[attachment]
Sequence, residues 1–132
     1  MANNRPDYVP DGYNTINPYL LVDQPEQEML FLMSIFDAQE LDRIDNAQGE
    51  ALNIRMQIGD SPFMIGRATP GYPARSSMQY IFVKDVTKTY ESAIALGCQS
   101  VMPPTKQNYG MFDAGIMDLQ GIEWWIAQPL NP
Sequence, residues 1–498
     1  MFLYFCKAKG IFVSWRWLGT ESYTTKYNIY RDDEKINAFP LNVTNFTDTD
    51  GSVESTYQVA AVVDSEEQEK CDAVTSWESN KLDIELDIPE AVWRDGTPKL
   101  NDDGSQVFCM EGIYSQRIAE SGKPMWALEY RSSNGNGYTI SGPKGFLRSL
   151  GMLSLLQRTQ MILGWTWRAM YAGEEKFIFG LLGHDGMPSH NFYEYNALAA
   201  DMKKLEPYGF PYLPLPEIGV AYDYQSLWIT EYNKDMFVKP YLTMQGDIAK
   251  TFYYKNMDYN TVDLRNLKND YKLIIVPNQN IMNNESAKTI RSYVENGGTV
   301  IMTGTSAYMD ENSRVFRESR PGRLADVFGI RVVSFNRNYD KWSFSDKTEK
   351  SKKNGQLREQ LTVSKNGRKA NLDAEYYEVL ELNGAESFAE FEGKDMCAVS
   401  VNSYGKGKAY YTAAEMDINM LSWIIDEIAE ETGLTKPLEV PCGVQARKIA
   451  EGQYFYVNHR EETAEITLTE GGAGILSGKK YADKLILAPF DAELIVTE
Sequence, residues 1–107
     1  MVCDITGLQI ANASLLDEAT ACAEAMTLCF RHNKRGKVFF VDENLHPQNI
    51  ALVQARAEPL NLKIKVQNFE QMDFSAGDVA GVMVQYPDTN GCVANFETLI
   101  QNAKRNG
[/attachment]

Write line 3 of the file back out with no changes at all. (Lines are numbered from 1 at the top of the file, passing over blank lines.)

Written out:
    51  ALNIRMQIGD SPFMIGRATP GYPARSSMQY IFVKDVTKTY ESAIALGCQS